Bank shareholders, rejoice.
With Bank of Montreal raising its dividend by 2.9 per cent on Tuesday – its first increase in five years – all of the Big Five are back in dividend growth mode following the financial crisis. Bank of Nova Scotia also boosted its dividend, by 3.6 per cent, and we'll likely see more increases as other banks report this week.
For BMO shareholders, in particular, it's been a long wait. But bank investors have endured these sorts of dry spells before, and those who didn't panic were ultimately rewarded. Royal Bank of Canada, for instance, went for more than five years without a dividend increase in the early 1990s, when its balance sheet was hammered by a recession and a nasty real estate bust.
But as the economy improved, Royal Bank's dividend more than doubled over the next five years, and doubled again in the five years after that. The message for investors? The banks hit their share of potholes, but as long-term investments they're hard to beat.
That leads us to today's question: Which of the Big Five has delivered the highest return over the past 20 years? This is a period that encompassed economic slumps, market meltdowns, financial collapses, energy shocks, wars and – as mentioned – long periods with zilch in the way of dividend increases. In other words, we're not looking at the banks through rose-coloured glasses here.
This is rear-view mirror analysis, of course, and our goal isn't to identify the bank you should buy now. Rather, we want to show how an average investor would have made out using a simple buy-and-hold strategy. We also want to demonstrate the importance of dividends – specifically, reinvested dividends – to a shareholder's total return.
We'll assume the investor started on July 31, 1992, and held until July 31, 2012. The first number for each bank is the simple annual price appreciation, excluding dividends. The second is annual total return, assuming all dividends were reinvested in more shares. The third is what an initial $10,000 investment would have grown to over the 20-year period, including dividends (but before inflation, taxes or commissions).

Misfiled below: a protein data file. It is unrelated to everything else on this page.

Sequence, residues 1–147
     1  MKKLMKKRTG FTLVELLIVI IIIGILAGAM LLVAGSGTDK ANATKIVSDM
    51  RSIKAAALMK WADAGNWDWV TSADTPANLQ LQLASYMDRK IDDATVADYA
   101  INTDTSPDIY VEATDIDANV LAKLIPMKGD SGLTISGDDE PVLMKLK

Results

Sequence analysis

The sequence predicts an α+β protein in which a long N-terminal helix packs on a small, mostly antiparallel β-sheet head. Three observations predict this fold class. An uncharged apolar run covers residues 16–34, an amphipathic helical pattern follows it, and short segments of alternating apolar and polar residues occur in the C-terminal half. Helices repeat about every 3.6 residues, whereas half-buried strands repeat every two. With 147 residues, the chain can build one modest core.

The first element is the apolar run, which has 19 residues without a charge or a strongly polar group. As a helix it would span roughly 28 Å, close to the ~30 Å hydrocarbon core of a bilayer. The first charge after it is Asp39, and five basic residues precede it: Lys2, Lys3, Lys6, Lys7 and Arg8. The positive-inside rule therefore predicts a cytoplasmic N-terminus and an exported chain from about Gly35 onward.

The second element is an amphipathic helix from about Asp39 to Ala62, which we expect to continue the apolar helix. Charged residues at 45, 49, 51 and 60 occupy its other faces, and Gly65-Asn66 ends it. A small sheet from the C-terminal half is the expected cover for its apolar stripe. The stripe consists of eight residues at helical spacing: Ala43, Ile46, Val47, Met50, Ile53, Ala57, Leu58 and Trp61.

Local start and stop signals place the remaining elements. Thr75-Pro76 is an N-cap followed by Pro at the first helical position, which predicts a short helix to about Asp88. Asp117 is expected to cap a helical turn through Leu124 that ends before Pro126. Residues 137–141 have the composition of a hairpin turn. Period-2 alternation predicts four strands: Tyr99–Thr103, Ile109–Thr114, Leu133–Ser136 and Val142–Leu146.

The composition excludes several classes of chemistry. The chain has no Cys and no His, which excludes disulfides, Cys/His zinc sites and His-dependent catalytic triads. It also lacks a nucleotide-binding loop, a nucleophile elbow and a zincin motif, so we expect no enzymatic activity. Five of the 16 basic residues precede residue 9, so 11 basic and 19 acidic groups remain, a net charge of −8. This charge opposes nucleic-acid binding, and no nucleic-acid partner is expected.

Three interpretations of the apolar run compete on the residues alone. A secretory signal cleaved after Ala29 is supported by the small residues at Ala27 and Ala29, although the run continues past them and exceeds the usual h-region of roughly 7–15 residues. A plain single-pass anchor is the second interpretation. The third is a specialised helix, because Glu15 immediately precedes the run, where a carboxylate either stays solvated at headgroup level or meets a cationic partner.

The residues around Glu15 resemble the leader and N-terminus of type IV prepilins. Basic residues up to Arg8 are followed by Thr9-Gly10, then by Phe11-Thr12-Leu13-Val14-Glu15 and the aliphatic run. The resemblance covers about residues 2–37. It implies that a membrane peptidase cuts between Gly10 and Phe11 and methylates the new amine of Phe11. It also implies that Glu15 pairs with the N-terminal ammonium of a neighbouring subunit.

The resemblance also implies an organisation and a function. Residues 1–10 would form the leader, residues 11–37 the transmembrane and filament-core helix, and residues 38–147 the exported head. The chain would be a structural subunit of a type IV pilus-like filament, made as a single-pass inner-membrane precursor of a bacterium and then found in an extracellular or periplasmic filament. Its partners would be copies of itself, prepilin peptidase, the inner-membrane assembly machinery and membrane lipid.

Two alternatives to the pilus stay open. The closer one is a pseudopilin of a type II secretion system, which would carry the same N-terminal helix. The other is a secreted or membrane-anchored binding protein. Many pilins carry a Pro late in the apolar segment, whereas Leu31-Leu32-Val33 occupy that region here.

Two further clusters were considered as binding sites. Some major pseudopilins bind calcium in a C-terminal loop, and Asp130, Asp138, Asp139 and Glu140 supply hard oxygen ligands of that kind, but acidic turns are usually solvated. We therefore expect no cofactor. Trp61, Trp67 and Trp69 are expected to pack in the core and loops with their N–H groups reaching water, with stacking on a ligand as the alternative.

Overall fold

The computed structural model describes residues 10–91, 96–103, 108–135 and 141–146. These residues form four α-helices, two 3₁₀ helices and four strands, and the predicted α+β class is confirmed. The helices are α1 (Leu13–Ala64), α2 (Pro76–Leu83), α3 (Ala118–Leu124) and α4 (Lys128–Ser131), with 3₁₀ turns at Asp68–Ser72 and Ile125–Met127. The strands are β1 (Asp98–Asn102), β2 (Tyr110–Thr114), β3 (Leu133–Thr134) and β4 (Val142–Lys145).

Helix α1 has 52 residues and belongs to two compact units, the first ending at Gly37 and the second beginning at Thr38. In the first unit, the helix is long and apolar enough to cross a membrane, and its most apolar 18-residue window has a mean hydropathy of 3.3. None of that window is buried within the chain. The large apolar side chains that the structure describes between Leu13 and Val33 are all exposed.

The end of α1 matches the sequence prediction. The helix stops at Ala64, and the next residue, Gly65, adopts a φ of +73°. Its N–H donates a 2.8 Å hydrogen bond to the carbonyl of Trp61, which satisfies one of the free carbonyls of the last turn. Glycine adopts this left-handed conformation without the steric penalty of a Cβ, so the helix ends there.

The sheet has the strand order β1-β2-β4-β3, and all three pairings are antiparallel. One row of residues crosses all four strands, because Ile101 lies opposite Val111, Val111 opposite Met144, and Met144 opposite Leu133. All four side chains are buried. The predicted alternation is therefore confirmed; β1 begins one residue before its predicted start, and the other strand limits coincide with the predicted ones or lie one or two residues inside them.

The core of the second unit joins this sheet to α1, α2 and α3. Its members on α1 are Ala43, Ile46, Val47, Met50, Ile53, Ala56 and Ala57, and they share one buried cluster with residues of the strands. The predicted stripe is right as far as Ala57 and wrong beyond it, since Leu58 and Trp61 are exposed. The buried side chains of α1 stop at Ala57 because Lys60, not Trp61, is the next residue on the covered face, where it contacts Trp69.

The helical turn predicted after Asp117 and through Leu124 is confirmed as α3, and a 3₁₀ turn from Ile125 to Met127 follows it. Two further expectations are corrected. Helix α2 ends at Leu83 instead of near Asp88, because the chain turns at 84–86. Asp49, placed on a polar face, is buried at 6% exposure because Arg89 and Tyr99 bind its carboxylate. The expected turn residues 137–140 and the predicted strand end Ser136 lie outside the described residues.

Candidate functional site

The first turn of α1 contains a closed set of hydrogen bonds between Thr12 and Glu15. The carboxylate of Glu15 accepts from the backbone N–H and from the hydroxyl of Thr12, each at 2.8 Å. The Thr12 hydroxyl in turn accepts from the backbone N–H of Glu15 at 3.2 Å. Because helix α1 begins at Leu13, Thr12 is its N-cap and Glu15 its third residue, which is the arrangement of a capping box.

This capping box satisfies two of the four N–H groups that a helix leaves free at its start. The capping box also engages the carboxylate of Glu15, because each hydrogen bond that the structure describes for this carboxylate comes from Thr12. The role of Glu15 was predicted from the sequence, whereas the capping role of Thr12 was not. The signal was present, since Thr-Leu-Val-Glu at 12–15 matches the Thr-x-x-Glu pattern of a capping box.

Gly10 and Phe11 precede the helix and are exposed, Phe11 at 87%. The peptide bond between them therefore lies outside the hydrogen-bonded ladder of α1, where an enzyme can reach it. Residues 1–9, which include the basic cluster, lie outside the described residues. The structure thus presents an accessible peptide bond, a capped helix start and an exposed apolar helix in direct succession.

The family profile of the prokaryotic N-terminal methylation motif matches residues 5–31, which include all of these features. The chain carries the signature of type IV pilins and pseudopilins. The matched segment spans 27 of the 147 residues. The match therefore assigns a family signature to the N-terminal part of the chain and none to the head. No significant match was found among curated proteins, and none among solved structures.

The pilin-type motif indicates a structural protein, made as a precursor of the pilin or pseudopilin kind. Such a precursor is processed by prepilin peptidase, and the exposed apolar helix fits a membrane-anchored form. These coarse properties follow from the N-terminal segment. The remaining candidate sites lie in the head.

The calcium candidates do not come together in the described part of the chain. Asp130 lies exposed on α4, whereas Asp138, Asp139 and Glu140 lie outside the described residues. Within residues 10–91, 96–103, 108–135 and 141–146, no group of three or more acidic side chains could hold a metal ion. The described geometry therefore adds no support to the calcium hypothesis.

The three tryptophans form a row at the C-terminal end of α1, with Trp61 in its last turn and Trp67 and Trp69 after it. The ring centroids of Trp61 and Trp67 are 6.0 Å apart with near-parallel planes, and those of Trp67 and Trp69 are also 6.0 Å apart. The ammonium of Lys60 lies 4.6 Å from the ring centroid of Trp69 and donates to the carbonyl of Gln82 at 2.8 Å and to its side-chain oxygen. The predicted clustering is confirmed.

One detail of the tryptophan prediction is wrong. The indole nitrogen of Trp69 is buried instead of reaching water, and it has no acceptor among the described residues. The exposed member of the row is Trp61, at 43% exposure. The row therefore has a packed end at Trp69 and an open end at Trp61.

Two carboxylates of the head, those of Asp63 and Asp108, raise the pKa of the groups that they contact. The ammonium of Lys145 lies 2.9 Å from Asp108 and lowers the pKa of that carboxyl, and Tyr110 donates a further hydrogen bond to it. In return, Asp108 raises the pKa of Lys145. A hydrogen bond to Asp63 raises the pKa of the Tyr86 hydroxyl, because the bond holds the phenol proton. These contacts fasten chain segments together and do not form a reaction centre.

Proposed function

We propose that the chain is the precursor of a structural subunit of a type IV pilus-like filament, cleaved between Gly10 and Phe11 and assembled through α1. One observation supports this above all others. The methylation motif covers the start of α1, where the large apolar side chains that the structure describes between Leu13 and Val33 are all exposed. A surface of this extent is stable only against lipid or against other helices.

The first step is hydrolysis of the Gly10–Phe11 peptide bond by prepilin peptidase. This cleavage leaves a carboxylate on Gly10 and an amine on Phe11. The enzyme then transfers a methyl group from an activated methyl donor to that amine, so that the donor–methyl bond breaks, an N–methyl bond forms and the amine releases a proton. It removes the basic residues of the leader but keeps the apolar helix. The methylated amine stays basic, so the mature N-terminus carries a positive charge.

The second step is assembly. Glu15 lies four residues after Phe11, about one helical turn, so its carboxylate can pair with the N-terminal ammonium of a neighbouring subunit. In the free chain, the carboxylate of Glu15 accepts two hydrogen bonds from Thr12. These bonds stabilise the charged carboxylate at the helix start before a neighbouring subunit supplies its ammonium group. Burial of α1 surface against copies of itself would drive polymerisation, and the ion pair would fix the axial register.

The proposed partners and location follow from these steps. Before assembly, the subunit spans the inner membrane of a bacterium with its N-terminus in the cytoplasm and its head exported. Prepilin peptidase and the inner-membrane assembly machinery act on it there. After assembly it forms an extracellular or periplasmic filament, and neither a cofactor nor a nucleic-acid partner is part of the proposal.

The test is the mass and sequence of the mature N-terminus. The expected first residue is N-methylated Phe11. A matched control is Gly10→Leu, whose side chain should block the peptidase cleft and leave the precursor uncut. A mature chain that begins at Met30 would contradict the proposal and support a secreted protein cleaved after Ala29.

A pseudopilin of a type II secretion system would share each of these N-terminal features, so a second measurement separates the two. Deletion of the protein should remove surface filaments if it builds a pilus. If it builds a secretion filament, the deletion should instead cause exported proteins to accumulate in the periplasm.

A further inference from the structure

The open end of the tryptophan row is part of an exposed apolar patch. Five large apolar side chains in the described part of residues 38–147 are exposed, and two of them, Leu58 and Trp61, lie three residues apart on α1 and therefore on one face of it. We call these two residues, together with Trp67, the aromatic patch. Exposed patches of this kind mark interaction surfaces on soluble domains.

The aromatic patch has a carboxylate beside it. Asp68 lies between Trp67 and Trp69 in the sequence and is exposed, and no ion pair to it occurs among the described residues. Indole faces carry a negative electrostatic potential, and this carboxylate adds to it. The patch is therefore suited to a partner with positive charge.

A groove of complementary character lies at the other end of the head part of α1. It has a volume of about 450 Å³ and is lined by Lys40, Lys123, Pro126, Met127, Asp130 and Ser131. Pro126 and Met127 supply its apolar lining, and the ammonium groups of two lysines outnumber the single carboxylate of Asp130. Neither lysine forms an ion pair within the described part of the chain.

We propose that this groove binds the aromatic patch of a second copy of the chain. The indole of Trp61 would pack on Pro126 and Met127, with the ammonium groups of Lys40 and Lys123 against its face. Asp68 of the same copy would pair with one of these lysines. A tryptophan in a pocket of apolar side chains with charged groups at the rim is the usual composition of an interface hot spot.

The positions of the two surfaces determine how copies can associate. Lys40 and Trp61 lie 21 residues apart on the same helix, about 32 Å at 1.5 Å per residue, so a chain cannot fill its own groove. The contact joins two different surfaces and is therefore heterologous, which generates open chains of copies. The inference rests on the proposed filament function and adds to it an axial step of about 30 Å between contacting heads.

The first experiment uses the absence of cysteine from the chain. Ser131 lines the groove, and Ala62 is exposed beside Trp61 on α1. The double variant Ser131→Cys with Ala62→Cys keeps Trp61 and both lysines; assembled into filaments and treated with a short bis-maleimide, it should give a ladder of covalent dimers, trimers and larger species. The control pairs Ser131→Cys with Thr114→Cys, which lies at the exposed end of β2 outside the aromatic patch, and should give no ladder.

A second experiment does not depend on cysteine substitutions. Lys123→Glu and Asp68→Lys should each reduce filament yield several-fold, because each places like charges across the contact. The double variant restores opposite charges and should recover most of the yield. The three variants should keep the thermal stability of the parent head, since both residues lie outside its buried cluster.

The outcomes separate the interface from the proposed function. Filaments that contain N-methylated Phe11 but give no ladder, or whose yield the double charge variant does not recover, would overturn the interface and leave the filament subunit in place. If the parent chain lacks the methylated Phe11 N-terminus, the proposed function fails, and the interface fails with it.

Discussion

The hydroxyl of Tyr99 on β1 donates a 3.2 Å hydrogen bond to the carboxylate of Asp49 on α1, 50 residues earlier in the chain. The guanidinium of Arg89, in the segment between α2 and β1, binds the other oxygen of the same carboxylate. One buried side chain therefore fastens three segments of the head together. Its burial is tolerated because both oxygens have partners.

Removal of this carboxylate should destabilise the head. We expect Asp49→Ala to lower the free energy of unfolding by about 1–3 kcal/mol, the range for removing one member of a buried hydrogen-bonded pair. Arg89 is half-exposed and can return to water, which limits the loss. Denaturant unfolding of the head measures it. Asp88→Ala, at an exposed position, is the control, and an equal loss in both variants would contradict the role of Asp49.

The banks are listed in ascending order of total return, from worst to best. But as you'll see, even the "laggards" of the group put up some solid numbers.
Bank of Montreal (BMO)
Annual price return: 8.14 per cent
Including dividends: 12.58 per cent
$10,000 would be worth: $107,100
Canadian Imperial Bank of
Annual price return: 8.51 per cent
Including dividends: 12.85 per cent
$10,000 would be worth: $112,380
Toronto-Dominion Bank (TD)
Annual price return: 11.05 per cent
Including dividends: 14.78 per cent
$10,000 would be worth: $157,926
Royal Bank of Canada (RY)
Annual price return: 10.96 per cent
Including dividends: 14.84 per cent
$10,000 would be worth: $159,381
Bank of Nova Scotia (BNS)
Annual price return: 11.52 per cent
Including dividends: 15.49 per cent
$10,000 would be worth: $178,619
How did the banks stack up versus the index? Glad you asked.
All of them handily beat the S&P/TSX composite, which had an annualized price return of 6.29 per cent over the same period.
We were unable to obtain an S&P/TSX total return figure from Bloomberg that went back as far as 1992, but if you add a dividend yield of 3 per cent – roughly what the index is yielding now – you get a total return of 9.29 per cent for the S&P/TSX. That's well below the total return of the banks.
It's worth repeating that the bank with the highest return over the past 20 years won't necessarily be the best performer over the next 20 years.
Indeed, there are no guarantees that the banks as a group will continue to generate such strong returns in the future.
That said, this exercise shows that holding the banks through thick and thin, and reinvesting dividends along the way, has been a profitable strategy.